“Great stories live forever.”
Zillow Group’s director of content marketing Stephanie Reid-Simmons described the core ethos of her firm’s significant content marketing play this way. While self-evident, it’s also critical for successful content marketers to know in their DNA — it’s an understanding that drives Zillow Group’s powerful, successful content, especially since emotion is a fundamental tenant of its brand.
Zillow Group has captured some powerful stories, for both its consumer audience and its agent audience, the latter as the revenue engine that powers the big ship. See the firm’s Zillow TV YouTube channel, which features high-production mini-documentaries of people and homes in themed shows such as “Sanctuary” and “Home Makers.”
Zillow Group launched “Zillow TV” in 2016 and has 26 videos on its playlist. As with all its content marketing, it does not pay to market the videos but uses them as anchor content for piecing out on other channels and for airing on its YouTube page and Apple TV channel. The channel features compelling stories about people and home to engage its target consumer audience of renters, buyers, sellers and dreamers.
As in apparently all areas, Zillow Group operates its content marketing strategy like a machine. There is perhaps no real estate firm with clearer, consistent messaging tied to a crystal clear strategy than the Seattle behemoth, which swallowed chief rival Trulia in 2015, and operates the most popular real estate site on the internet, by far, in Zillow. (See Reid-Simmons’ simple, clear description of the firm’s content marketing M.O. above as an example).
Zillow Porchlight, a site housing a blog of celebrity real estate news, tips & advice and home-related stories, anchors Zillow Group’s consumer content marketing play (its Premier Agent Resource Center anchors its real estate pro content marketing — more on this in part two, coming next week).
When Reid-Simmons, a former editor of the Seattle Post-Intelligencer, joined Zillow in November 2014, she came in with a vision. She rebranded the blog as a “digital magazine,” which organized its content into one cohesive vision. Its storytelling power has amplified ever since. The newsroom has approximately 15 staff of writers and producers.
If you have trouble measuring results from your content marketing efforts, you’re not alone. It’s a constant challenge, Reid-Simmons said.
Why does Zillow Group do content marketing? The same reason we all do. Its customers — consumers looking to buy or sell (tangential customers) and real estate agents (chief customers) don’t always need Zillow for information or leads. Quality content related to its core offering — everything home around buying or selling keeps its audience engaged and grow its brand.
How to COPE
COPEing is a core facet of Zillow Group’s content marketing strategy. COPE = “create once, publish everywhere.”
As we all know, quality content is expensive, time-consuming and difficult to produce. That’s why content marketers need to view each piece of content as an engine that will carry their story down a long track. That’s what COPEing is all about.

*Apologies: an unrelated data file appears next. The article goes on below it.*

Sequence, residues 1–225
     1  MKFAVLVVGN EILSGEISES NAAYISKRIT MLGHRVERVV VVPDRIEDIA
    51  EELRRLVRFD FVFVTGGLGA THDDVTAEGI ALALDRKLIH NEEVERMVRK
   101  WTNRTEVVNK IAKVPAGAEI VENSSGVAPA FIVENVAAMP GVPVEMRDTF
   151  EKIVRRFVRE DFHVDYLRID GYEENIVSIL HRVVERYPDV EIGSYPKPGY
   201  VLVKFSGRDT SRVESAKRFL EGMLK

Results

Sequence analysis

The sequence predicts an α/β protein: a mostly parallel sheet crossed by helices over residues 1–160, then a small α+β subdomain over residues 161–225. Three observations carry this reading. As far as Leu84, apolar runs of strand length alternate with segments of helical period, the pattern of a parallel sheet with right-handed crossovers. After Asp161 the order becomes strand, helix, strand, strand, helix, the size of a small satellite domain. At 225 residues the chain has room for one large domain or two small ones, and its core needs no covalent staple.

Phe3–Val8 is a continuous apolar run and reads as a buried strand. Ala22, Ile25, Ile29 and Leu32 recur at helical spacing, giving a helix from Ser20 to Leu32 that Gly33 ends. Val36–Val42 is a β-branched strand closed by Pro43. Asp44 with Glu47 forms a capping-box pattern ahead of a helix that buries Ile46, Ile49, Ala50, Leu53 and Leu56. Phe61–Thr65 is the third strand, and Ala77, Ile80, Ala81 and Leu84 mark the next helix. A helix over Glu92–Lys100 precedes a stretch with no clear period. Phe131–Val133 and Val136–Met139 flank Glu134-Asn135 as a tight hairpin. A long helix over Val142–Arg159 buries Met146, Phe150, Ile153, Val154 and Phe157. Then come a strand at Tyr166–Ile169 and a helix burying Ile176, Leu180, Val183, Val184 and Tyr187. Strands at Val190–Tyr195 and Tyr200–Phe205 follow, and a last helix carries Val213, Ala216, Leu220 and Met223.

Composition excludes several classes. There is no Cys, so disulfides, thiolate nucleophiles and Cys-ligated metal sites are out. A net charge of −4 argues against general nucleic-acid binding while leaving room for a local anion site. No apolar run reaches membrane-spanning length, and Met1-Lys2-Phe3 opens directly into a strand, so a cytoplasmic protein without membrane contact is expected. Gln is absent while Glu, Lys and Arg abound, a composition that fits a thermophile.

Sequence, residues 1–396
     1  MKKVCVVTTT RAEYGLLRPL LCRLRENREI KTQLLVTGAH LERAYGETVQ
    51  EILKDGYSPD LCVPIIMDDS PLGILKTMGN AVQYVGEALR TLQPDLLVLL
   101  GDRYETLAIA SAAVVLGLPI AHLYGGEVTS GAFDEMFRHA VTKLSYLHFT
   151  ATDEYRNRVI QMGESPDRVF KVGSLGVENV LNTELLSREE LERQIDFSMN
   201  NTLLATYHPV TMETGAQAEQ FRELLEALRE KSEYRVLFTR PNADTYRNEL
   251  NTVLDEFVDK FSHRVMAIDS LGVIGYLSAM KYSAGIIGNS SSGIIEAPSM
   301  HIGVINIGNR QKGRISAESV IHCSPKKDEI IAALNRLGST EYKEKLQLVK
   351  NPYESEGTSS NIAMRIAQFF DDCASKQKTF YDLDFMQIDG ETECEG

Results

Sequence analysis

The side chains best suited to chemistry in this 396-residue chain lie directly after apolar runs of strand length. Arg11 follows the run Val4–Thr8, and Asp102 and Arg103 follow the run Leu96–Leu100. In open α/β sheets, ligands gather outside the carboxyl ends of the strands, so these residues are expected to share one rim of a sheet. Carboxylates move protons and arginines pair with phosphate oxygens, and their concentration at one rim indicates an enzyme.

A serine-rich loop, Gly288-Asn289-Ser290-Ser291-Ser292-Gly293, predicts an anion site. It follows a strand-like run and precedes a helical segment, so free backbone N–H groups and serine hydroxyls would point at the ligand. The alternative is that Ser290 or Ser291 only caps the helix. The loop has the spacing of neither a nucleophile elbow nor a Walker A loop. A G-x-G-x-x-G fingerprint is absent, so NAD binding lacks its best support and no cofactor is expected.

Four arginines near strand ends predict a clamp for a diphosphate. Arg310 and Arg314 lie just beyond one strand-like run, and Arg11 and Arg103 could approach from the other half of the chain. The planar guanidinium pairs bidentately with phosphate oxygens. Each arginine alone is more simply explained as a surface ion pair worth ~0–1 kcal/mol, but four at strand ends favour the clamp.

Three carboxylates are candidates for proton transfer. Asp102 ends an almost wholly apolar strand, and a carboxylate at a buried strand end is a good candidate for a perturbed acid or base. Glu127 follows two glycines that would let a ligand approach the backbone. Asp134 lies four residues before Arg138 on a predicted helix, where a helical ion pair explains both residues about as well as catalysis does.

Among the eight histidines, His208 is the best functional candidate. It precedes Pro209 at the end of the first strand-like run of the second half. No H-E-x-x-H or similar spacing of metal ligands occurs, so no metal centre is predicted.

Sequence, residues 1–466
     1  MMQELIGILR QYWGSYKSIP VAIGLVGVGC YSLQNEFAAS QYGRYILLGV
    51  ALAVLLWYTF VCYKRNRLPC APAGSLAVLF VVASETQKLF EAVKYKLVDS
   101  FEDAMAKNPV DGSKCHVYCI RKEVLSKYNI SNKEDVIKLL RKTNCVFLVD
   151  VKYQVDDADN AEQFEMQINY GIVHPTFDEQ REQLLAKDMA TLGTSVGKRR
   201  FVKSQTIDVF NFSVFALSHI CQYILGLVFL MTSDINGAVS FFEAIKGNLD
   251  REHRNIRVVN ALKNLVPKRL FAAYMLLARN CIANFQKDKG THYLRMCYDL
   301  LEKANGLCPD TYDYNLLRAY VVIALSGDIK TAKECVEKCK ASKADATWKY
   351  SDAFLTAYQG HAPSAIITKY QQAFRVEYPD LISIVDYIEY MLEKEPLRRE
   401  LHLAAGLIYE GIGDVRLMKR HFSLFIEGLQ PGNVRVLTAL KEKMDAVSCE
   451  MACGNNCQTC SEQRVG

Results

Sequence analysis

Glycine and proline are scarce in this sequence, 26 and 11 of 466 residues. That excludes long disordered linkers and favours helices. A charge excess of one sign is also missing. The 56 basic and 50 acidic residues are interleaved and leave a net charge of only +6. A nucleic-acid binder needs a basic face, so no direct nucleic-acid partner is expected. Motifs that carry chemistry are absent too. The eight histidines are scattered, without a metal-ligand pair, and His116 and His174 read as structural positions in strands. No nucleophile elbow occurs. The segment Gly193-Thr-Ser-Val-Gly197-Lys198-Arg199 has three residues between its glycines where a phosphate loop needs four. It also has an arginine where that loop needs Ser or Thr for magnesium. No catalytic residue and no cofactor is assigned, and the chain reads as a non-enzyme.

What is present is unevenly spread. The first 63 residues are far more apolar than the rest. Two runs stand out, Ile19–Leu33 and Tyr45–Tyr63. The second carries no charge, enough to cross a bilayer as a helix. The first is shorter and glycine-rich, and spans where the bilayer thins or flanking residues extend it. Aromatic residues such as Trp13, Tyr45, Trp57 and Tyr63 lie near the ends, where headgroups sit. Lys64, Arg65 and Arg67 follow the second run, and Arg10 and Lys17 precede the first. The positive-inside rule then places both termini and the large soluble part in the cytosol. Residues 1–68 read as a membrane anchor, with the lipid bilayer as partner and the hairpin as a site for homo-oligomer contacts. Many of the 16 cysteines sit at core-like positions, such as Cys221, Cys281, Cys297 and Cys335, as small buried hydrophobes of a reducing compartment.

Zillow Group’s most-viewed digital video on its Premier Agent YouTube channel has garnered over 64,000 views. It COPEd the video with a behind-the-scenes Facebook video that has received over 120,000 views.
Publish a video with a powerful story, do a blog post and Facebook post on how and why you made the video, create short snippets for Instagram and Snapchat and dribble out different story facets on different channels for months.
As with almost everything, COPEing starts with great content. To be successful, it must have a rich narrative and a plan.
Reid-Simmons stresses to be selective about the content you COPE. Like all good content marketers, you must consult your editorial calendar for good candidates, hold regular meetings between editors and channel owners (if you have that luxury of them not being one person!) and meet with amplification partners (more on this in Part 2 of Zillow Group’s content strategy).
Some stories just don’t work on certain channels, but knock it out of the park and into the water on others. For example, the Zillow content series “Homes & Hacks” hit big on social, but was a dud on YouTube, like tens of views, as well as on the blog. So Zillow Group doubled down on COPEing the videos in that series on social media and left the blog and other channels behind.
“We aim to reuse and repurpose each piece of content in as many ways as possible, with an eye on customizing the message for the channel,” Zillow Group consumer content manager Jessica Rourk told me.
For example, Zillow leveraged its 20-question series — i.e. 20 questions for sellers to ask a listing agent. The team made a graphic for each question in the post and sprinkled them into existing Porchlight blog posts. The firm then compiled all 20 graphics into a SlideShare (LinkedIn’s slide share platform) and included some of the messaging in email marketing with jump links to the Porchlight blog.
Stay tuned for part two next week, where I dive into ZillowGroup’s consumer- and agent-focused content marketing channels, and its compelling syndication strategy.